Rights: Home and Abroad

Summer is here, and thousands of Saudis are getting ready to depart the country to spend their vacations away from the insane heat. Swine flu has certainly affected tourism around the world, but some people insist that they won’t let infectious diseases and global pandemics ruin their holidays. “I’d rather die of Swine flu somewhere nice than die of this hot weather in Riyadh,” a friend of mine half-jokingly said a couple of weeks ago.

With the large numbers of Saudi nationals traveling, the Ministry of Foreign affairs issued information guidelines of the varying nature of legal procedures abroad and how best to protect their rights when traveling or studying outside the Kingdom. The guidelines advise Saudis involved in legal cases to only speak in the presence of a lawyer and ensure attendance at court hearings to avoid in absentia rulings.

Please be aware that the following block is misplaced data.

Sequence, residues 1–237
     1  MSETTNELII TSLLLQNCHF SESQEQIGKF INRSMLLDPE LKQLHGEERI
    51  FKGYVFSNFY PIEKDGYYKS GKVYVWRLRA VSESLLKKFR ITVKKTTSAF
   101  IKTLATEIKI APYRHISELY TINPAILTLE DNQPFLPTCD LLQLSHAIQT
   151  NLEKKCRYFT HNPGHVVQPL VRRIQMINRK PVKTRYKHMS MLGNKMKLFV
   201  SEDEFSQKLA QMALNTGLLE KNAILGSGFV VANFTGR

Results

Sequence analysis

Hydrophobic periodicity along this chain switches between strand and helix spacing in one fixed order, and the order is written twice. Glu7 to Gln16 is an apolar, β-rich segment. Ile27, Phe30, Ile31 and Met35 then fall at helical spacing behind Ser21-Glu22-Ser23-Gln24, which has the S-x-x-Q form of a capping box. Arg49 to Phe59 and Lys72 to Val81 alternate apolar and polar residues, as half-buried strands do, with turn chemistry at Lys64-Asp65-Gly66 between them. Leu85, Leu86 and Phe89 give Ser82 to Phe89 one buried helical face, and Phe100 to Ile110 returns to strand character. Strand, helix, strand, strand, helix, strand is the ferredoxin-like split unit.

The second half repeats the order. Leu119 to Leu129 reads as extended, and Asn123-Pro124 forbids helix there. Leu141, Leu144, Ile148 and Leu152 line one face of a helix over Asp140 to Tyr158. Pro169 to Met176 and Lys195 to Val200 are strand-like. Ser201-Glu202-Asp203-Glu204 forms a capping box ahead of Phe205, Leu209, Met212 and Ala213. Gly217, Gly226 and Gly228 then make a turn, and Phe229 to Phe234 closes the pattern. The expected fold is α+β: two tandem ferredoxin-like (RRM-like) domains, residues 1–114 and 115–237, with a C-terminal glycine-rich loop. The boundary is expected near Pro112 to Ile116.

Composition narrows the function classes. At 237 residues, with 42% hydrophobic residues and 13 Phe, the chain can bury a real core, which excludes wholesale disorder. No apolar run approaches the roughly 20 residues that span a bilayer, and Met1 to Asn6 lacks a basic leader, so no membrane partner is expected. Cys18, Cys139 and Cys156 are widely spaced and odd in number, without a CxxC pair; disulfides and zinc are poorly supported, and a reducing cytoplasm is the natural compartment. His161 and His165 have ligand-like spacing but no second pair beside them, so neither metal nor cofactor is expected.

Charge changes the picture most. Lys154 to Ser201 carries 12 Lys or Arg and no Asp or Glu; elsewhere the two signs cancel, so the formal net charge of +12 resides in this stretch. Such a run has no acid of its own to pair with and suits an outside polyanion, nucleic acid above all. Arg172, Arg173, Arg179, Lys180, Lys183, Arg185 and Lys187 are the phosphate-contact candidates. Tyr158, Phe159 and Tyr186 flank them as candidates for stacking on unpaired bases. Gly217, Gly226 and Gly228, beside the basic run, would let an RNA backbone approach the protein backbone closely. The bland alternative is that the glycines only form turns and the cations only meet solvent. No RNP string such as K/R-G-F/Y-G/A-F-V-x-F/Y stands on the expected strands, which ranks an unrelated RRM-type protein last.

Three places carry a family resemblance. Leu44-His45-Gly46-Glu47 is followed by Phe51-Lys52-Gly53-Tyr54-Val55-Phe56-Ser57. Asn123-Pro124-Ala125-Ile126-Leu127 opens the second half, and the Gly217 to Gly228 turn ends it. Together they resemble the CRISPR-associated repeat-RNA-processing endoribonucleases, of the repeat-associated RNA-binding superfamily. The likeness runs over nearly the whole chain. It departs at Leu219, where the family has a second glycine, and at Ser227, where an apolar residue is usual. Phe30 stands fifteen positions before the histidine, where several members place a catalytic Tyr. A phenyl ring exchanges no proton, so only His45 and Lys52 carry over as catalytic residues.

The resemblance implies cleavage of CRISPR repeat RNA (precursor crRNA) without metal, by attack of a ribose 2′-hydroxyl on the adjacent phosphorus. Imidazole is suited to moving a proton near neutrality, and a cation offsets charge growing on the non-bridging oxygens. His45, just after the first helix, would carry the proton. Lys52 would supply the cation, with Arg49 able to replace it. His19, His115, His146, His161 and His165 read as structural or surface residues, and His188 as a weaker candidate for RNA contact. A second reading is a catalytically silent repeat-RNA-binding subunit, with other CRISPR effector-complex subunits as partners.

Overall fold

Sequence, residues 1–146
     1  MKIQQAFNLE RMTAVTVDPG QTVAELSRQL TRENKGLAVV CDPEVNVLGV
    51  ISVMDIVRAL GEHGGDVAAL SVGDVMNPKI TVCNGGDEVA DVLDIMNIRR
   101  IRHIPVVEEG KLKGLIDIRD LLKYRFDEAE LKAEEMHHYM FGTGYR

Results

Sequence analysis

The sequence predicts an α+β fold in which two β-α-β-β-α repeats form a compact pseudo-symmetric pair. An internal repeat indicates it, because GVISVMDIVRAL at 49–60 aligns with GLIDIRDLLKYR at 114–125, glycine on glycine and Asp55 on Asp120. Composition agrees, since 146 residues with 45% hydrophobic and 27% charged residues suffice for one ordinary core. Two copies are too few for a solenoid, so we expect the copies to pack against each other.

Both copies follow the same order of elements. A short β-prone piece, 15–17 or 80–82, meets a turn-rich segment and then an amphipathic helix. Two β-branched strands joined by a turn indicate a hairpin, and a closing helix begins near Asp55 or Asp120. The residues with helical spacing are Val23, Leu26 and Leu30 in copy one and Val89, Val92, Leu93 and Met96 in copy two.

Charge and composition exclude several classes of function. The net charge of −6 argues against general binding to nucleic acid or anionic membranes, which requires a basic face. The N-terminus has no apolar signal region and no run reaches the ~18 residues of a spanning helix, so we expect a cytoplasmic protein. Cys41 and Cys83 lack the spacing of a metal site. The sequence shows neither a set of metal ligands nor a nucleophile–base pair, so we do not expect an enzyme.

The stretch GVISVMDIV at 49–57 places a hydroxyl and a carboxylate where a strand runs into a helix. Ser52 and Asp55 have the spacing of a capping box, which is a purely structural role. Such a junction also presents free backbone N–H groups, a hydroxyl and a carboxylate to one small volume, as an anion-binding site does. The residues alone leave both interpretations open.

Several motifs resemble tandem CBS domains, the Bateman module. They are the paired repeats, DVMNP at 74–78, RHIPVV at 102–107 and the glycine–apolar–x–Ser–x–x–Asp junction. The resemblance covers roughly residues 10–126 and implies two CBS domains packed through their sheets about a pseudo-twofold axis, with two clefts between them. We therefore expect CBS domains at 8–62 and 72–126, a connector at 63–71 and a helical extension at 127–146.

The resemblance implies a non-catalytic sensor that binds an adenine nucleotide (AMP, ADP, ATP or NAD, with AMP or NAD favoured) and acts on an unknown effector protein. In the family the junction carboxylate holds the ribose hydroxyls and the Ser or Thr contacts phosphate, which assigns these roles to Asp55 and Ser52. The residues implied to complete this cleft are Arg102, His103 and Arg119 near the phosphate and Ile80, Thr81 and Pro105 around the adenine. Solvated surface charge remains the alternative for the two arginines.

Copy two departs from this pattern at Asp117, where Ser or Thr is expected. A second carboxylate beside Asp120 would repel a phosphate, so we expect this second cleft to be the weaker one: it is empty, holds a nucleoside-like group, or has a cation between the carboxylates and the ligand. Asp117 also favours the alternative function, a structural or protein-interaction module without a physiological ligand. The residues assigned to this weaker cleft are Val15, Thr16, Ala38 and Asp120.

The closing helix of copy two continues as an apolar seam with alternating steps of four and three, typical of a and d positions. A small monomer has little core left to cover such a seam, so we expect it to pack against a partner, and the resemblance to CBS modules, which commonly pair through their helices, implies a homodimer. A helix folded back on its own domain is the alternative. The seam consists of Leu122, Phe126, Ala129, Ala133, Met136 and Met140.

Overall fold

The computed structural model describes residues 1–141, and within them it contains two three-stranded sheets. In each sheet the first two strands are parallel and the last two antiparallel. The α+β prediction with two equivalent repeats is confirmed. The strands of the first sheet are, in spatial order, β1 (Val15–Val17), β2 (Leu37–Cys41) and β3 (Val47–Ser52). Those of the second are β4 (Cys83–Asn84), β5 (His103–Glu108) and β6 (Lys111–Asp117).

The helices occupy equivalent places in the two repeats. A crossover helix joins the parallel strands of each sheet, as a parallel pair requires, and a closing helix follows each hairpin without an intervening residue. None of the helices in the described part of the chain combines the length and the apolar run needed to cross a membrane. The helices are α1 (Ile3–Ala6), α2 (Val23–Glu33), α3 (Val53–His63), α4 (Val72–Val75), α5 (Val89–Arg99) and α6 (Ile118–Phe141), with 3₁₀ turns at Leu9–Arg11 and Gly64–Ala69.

Sound advice, no doubt, and it is a commendable effort by the foreign ministry. But this piece of advice should also apply equally to citizens inside the country, and it is important that people here know their rights before the law. Unfortunately, little has been done to promote these rights among citizens. I believe that the government is responsible for protecting their citizens abroad and home alike.

Worth mentioning here is the Know Your Rights series published by the National Society of Human Rights. I personally don’t leave the house without a copy of this Rights of the Suspect (PDF) booklet. An English version of the booklet is available here (RTF).

21 thoughts on “Rights: Home and Abroad

  1. Have you read the English version. It’s a hoot!
    It is both funny (for the errors in grammar) and sad (if it is accurate).

    “3. In cases other than flagrante delecto, ”
    The word should be delicto.

    “7. You shall not be detained for more than twenty-four hours except pursuant to a written order from the Investigator.”

    Nowhere does it say that the person arrested should be informed about the order.

  2. Thank you for the Arabic version of the ‘Know Your Rights’ series.